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I'm about to buy a new tundra. 2014 CM 5.7 SR5 TRD off road. I live in Florida (southeast region) which only sells the Flex Fuel Versions. I could drive several hours to New Orleans (gulf coast region) to buy a non-Flex Fuel version. Is the drive worth it? What are the advantages and disadvantages of the FFV? I've heard of problems from the ECU on the FFV. I will probably never put any E85 in the truck, and I could potentially live in a cold climate soon. Are there any advantages to the FFV, should I be afraid of the FFV?

If go to The gulf coast region (non-FFV), do you have any preferences on local dealers?

Also: Silver, White, or MGM?

Thanks,
Gene
I live in Panama City and I rarely have seen flex fuel tundras on the lot. I believe we are Southeast here. We are right on the Gulf so I'm not sure why its still Southeast region.
 

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Reliability wise as long as you're not using the e85 you should be fine. I've had no probs with my truck other than I want a sc and can't get one. (Btw: sparks claims they've done a whole bunch of the ffv sc but yet none of those ppl are around to attest to it) I'd drive to get a regular model instead of ffv. Just my opinion
 

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Discussion Starter · #14 ·
I live in Panama City and I rarely have seen flex fuel tundras on the lot. I believe we are Southeast here. We are right on the Gulf so I'm not sure why its still Southeast region.
I'm over near Pensacola. Both, Bob Tyler and Eastern Shore, can only order FFV for the 5.7 SR5 CM. They seem to be limited by their distribution network (I think the vehicles come through Jacksonville-ish and only go to FL, GA, AL, and SC maybe). I think I might have to drive over to LA or MS. Now I need to find a good dealer with the lifetime warranty.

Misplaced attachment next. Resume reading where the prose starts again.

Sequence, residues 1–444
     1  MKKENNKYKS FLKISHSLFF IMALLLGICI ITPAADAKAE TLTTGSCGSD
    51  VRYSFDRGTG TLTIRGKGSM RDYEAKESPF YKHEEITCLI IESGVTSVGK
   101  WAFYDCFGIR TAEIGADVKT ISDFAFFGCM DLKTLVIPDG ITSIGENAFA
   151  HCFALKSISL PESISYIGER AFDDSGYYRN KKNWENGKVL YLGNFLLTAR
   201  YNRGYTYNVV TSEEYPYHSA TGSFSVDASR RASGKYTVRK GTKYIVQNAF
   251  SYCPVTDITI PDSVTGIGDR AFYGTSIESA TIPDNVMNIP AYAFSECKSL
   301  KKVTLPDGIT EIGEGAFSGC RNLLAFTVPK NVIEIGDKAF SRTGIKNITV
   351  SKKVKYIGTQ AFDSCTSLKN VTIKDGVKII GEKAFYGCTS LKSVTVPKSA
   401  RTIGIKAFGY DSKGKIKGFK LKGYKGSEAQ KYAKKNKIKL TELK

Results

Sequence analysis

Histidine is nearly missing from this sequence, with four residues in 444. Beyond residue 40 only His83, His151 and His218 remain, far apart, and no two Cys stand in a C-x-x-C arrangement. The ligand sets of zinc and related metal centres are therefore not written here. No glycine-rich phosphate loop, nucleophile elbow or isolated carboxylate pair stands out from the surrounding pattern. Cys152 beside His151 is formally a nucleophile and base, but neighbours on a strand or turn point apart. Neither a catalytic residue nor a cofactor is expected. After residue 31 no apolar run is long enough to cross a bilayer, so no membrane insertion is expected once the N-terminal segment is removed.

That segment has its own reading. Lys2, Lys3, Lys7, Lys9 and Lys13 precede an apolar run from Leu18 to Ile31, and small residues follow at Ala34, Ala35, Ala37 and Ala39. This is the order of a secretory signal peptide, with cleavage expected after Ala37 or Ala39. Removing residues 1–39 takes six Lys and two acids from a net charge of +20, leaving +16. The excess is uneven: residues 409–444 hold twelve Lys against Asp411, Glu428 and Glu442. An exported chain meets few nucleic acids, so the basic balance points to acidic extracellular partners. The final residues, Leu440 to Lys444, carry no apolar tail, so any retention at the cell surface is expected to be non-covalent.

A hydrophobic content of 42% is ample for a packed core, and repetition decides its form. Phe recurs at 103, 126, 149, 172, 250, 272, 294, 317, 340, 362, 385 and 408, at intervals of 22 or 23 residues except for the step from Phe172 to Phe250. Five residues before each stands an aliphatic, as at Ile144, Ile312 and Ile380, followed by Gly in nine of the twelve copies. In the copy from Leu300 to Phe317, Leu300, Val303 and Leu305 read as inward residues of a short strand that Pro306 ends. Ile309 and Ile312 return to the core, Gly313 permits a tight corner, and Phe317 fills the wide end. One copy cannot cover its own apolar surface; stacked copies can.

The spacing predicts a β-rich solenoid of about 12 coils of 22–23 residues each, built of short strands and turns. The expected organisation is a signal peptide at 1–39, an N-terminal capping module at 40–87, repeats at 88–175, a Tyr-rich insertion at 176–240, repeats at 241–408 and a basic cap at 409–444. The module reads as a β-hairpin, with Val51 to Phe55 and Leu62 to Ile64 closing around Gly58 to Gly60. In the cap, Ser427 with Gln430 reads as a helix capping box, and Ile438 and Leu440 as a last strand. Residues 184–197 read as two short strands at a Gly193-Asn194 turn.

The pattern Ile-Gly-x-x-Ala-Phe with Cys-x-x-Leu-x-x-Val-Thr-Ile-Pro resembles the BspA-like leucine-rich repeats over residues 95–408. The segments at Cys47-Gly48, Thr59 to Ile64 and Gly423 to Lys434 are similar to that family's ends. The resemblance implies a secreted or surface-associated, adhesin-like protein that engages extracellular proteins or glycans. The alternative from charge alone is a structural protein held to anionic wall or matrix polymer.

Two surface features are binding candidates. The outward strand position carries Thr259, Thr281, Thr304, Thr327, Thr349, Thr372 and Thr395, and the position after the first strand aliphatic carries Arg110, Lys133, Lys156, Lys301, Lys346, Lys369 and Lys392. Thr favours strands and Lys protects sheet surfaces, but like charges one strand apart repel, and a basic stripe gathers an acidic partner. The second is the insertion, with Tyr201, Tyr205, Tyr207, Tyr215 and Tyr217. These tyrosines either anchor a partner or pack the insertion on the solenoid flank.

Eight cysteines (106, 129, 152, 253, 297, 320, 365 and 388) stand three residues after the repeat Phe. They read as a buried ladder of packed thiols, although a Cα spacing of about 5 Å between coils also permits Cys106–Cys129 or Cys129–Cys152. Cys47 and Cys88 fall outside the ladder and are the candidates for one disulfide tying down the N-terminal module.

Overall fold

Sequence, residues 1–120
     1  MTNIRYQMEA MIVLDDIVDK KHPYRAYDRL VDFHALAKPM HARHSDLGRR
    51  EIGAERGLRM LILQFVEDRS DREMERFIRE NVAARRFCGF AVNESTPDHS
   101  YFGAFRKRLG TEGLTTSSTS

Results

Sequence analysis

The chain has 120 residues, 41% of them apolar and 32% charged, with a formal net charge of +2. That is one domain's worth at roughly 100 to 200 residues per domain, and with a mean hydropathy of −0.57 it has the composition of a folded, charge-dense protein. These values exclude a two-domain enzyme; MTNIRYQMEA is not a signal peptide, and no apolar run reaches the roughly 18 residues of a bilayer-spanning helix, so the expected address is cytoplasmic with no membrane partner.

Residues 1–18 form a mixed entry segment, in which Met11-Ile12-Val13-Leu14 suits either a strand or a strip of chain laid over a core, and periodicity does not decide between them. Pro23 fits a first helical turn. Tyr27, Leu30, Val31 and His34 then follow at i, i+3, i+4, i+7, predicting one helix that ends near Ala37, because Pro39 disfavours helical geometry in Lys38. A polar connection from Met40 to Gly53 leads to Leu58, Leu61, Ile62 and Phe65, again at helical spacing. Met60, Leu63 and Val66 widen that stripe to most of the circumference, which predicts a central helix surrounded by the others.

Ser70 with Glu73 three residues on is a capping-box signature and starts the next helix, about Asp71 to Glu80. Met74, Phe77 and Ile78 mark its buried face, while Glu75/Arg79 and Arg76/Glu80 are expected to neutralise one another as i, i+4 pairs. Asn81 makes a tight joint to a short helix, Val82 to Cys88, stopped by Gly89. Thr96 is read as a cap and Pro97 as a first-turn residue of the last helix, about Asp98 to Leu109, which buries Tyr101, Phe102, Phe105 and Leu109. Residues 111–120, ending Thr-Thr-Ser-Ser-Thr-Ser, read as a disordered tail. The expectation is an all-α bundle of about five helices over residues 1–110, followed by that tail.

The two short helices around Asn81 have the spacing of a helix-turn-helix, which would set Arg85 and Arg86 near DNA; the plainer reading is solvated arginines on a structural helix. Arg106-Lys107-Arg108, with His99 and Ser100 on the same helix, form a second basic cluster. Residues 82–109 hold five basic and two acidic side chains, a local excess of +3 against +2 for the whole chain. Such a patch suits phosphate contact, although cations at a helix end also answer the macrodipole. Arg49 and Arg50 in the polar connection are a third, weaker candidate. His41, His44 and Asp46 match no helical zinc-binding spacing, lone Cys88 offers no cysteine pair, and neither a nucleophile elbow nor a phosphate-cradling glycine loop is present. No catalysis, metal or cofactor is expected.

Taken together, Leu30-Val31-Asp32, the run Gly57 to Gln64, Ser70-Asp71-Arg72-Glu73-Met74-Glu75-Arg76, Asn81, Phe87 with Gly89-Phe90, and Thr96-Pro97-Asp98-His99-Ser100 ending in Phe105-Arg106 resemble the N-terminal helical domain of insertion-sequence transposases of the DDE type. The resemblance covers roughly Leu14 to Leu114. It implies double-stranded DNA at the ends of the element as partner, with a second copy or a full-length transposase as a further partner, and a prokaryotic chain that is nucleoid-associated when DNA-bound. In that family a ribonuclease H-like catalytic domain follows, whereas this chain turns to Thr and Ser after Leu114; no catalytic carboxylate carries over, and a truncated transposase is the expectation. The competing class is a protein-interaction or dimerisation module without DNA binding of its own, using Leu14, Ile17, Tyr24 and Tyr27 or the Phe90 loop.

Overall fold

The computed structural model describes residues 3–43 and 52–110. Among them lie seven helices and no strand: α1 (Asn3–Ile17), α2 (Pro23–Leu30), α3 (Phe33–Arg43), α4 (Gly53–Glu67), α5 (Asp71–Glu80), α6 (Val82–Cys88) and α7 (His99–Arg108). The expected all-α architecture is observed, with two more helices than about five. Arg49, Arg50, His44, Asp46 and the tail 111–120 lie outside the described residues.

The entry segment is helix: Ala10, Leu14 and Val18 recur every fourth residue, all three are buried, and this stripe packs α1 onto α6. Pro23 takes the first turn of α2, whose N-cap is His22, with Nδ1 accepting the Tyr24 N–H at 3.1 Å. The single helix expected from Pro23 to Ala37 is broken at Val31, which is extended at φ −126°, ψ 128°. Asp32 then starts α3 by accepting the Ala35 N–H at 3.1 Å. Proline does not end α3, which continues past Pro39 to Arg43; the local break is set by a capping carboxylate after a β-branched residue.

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fwiw, my flex is fine...

Just can't s/c as easily.
Fwiw, flex will be more versatile, especially when the government mandates 15% or more ethanol... Also the fuel system itself is ethanol resistant far more than a non flex, which is why it is more versatile. It actually offers more longevity over non flex fuel systems technologically speaking. It is made for more ethanol, ethanol offers less lubricity than standard gasoline, the flex is made to take it. Aside from the newer models issues with the ethanol reading there have been no issues so far. Fuel lines will not rot, O-rings on injectors and the injector themselves will not swell/shrink/rot with the ethanol like non flex systems will...

I am safe as far as fuels go till at least 2018... Just I can not s/c as easily. Not impossible, just not as easily.
 

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Haven't seen this mentioned yet......